Worthwhile Tabs

Paul Graham points out why the things you think about in the shower are so important. This one is for my sweetheart.
David Weinberger appreciates Iris Murdoch’s The Sovereignty of Good, a book that’s also important to my teacher Stan Hauerwas (so that many of us in the doctoral program read it).
• I bookmarked this early in the week, when the BBC was devoting hourly outrage to the idea that a head teacher who turned an urban school from the pits to the pinnacle of education would be paid more than the Prime Minister. David Mitchell hits the nail on the head: conventional wisdom holds that teachers aren’t worth paying, whereas managers, executives, lawyers, and so on truly deserve higher salaries.
  If one steps away from the status quo and brainstorms what one would want for a healthy, productive society, it’s hard to imagine that one would say, “Let the teachers who prepare children for their futures be paid a pittance; let the people who direct the flow of widgets, or who decide to produce widgets rather than wodgets, or who devise the slogan that makes wadgets even more popular, roll in wealth.”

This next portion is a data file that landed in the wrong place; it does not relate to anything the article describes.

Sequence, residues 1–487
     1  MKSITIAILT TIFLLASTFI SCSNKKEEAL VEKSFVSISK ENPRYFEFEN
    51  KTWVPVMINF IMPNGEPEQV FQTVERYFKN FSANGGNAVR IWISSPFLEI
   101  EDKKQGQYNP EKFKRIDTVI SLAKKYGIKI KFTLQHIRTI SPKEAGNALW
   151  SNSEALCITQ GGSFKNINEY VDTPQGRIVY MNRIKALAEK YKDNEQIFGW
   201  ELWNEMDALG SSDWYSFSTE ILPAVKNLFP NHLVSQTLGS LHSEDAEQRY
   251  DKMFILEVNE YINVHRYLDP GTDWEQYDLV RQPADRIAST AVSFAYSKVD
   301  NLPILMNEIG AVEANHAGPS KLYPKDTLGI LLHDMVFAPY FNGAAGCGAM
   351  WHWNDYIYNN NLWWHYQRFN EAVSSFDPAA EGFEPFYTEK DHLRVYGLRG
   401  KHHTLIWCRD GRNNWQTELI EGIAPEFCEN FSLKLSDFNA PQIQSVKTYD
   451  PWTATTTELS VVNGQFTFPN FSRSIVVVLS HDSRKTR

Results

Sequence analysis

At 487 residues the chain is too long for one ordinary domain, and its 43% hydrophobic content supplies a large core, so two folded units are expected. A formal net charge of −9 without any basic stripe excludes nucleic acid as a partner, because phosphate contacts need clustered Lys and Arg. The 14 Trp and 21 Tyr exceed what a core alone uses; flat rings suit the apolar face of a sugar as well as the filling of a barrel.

• I had a chance to see Derek Jarman’s movie Wittgenstein the other night. Although I approached the arty treatment of the philosopher (this is not a biopic) with trepidation, the presentation (and especially Karl Johnson’s portrayal of Wittgenstein himself) rang true. The green alien, not entirely; but overall, Jarman (working from a script by Terry Eagleton) did excellent work squeezing important aspects of Wittgenstein’s identity and thought into an hour and nine minutes.
• Getting back to teaching and management, it seems the future of the Warburg Institute is threatened by a series of administrative mandates and policies emanating from its (theoretical) protector institution, London University. “University of London policies decree that all libraries come under common management,” and “whereas historically we paid between 20 percent and 30 percent of our grant for our premises, we now pay more than 60 percent.” The problem with those golden-egg-laying geese, after all, is that they aren’t exactly like the other geese, which generates inefficiencies. Better to make all geese the same, and manage without the eggs.

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